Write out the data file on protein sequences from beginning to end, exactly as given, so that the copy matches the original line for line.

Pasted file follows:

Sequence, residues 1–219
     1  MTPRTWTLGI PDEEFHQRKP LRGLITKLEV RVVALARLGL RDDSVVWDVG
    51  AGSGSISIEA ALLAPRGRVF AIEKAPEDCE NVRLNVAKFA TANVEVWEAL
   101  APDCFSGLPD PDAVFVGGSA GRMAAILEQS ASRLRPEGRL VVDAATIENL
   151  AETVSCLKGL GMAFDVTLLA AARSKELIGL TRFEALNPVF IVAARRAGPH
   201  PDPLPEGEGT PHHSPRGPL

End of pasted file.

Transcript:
Sequence, residues 1–219
     1  MTPRTWTLGI PDEEFHQRKP LRGLITKLEV RVVALARLGL RDDSVVWDVG
    51  AGSGSISIEA ALLAPRGRVF AIEKAPEDCE NVRLNVAKFA TANVEVWEAL
   101  APDCFSGLPD PDAVFVGGSA GRMAAILEQS ASRLRPEGRL VVDAATIENL
   151  AETVSCLKGL GMAFDVTLLA AARSKELIGL TRFEALNPVF IVAARRAGPH
   201  PDPLPEGEGT PHHSPRGPL